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Business :: Real Estate :: Hawaii Home Help :: Hale O Ka Honi - House of the Kiss

Hale O Ka Honi - House of the Kiss

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Helen Akana Bruns
Helen Akana Bruns

This is the story of a home in misty Manoa valley, a home that held and shaped a family, but became far more than just a place to live. It sheltered a couple, her extended family, and carried their dreams and their future within its walls. What made this home unforgettable?  Was it the gracious lanai facing the ever-changing Koolau Mountains? Could it have been the drawing room with its ten foot ceilings and charming French doors?. Perhaps it was the somewhat optimistic Butler's Pantry. In any case, Hale O Ka Honi remained in the same family throughout its history.

butlers pantry
The Butler's Pantry

Any loved home with so many memories can have the same impact, whether a simple Kapahulu cottage or a dramatic Diamond Head estate. This particular home and its story are told here in a simple but eloquent manner by its owner, as she prepares to say goodbye to its walls, floors, and gardens but not to its memories.

"Helen Akana Bruns, my great aunt, built this house in 1922.  She was an elementary school teacher both at Washington Elementary in Waikiki and in later years at Lincoln Elementary in Makiki.  We always thought it odd that she could afford to build such a grand home on a school teacher’s salary.  Yet as I thought about it later, there were many single school teachers in the valley.  Apparently they paid school teachers a bit more in those days!

Her husband left her when they found that she could not have any children.  They never officially divorced and she never remarried. Though they were separated, her husband apparently used her home occasionally to spend the night.  He was a prohibition officer and frequently went on raids in the middle of the night.  Rather than drive back to his home on the North Shore, he would spend the night in town.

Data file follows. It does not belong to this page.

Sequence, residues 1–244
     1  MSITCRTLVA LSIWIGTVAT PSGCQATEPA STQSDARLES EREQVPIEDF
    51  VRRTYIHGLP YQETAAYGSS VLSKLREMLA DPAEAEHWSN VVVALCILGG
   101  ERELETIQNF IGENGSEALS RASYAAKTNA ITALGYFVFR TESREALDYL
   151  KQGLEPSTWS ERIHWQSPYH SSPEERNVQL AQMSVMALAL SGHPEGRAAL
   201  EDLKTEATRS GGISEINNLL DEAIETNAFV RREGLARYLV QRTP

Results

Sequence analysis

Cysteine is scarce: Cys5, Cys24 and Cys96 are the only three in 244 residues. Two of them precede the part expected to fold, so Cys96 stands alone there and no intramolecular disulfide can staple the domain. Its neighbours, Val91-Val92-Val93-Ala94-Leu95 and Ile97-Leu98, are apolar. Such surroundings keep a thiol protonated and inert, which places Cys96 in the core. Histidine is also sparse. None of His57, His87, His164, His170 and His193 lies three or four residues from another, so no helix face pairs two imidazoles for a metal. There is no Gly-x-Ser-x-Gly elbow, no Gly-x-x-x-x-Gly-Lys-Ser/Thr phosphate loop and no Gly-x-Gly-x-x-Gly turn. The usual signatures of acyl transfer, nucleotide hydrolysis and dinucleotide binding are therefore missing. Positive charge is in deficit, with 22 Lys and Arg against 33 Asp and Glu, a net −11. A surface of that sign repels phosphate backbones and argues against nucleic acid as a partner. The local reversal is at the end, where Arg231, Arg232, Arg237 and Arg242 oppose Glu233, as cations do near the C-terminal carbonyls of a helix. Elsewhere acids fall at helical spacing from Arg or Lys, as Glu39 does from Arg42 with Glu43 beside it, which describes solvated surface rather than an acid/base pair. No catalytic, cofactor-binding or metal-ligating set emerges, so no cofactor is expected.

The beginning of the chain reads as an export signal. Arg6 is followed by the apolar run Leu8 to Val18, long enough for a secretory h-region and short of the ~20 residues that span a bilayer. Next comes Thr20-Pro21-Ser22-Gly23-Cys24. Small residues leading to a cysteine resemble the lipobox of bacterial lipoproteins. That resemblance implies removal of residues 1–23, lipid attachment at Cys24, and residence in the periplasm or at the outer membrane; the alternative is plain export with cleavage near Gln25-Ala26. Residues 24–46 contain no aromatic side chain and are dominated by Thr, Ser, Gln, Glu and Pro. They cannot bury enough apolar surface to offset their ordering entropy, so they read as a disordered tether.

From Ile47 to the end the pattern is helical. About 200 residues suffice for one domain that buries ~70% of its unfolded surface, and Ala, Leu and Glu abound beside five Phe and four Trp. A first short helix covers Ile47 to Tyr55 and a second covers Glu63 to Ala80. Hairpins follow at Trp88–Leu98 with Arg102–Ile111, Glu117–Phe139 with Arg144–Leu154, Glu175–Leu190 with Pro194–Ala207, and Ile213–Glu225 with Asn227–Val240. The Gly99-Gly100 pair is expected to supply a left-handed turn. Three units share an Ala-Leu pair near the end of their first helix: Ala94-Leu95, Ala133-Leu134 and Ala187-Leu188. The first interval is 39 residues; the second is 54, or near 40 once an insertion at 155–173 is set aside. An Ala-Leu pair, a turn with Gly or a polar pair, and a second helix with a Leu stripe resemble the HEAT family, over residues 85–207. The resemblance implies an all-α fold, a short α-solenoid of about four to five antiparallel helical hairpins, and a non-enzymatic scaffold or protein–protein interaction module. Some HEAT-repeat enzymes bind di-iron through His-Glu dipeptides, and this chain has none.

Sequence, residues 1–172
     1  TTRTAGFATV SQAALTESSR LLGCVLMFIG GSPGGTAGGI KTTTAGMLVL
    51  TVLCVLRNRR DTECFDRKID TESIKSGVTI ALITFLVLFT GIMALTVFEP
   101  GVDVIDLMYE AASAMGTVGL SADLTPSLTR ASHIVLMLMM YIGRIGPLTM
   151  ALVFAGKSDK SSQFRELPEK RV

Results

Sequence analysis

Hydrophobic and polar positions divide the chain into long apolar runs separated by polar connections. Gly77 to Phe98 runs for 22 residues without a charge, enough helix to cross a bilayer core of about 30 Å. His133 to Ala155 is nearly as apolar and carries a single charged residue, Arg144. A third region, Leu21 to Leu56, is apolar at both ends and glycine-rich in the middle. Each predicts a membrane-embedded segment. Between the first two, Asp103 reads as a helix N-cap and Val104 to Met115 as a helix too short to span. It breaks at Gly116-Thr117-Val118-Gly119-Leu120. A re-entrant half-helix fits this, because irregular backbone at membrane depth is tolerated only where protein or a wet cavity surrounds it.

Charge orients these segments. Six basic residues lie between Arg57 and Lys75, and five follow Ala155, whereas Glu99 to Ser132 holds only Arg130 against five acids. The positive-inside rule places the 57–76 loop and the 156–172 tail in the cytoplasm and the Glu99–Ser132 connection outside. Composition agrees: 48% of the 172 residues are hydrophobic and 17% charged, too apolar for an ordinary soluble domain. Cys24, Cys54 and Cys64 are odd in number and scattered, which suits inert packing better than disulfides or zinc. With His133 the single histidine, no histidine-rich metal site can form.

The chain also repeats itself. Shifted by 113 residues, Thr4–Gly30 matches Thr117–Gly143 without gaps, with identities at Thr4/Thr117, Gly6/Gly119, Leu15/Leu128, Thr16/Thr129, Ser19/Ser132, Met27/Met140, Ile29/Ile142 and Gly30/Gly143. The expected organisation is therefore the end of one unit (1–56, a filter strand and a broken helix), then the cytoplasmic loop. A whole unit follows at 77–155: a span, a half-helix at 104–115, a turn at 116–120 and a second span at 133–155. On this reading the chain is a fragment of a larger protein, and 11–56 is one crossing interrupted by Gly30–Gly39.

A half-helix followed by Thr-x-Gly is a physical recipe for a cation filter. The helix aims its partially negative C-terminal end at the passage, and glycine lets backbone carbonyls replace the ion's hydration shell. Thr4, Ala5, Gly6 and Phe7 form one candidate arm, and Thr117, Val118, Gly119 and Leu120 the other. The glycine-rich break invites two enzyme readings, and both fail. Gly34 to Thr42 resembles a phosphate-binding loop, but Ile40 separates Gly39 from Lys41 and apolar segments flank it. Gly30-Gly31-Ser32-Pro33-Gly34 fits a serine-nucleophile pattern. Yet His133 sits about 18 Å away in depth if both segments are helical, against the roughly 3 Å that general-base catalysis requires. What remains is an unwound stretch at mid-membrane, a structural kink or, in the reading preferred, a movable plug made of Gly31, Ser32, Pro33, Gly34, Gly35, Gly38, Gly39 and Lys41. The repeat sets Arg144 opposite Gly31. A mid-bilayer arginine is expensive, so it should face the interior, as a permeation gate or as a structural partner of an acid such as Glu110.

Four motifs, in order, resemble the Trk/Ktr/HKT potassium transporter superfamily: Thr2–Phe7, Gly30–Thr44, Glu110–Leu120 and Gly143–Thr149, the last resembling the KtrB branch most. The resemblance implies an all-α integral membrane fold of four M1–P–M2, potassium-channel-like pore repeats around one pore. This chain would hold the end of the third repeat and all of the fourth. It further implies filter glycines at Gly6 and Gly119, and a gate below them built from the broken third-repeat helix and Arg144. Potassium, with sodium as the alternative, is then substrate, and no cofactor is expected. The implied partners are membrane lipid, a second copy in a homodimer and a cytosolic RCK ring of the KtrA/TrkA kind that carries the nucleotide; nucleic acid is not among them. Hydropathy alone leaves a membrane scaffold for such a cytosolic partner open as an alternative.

Christmsa 1943 on the lanai
Christmas on the Lanai 1943

Aunt Helen would arise early and siphon off the alcohol that he had locked away in the trunk of his car.  I always thought that the ladies at her tea parties looked a little bit too happy!  Bottles of this bootleg rum were still to be found when the basement was cleared out in 2007.

As she had no children, her sister “shared” her daughter Lorraine Fountain with her on weekends.  They lived on Kauai and from the tender age of three, Lorraine would ride the ferry over every Friday evening and Aunt Helen would pick her up on Saturday morning.  They would spend the weekends together and she would go home on Sunday evening arriving back in time for school on Monday morning.  When Lorraine went to high school, she boarded at St. Andrew’s Priory and spent the weekends with her aunt in Manoa.
Aunt Helen was very much a lady of her day.  Her home was filled with silver and lace.  The hardwood floors were polished to perfection and covered with Oriental rugs.  She herself was always dressed beautifully as she took frequent trips to San Francisco always returning with steamers full of the latest fashions, hats and shoes.   
What is now the half bath was once a cutout in the hallway.  Aunt Helen had a chaise lounge there with her telephone.  She would talk for hours to her girlfriends lying down on the lounger!

living room
The wood floors still gleam

After Lorraine graduated from Mills College in Oakland, she returned to live with her aunt and worked in the tax office (now the post office in downtown Honolulu).  Presumably, she took the trolley that came up Punahou Street and ended at Anuenue Street.  Life was grand as her aunt prepared her to marry! 

Opulent parties were held on the lanai.  Her prized rose garden next to the driveway filled the lanai with roses.  Everything was served on silver platters with white gloves.  One evening, a friend asked if he could bring a guest who was from the mainland.  This man turned out to be Lorraine’s husband eventually – my parents.  They experienced their first kiss on the lanai.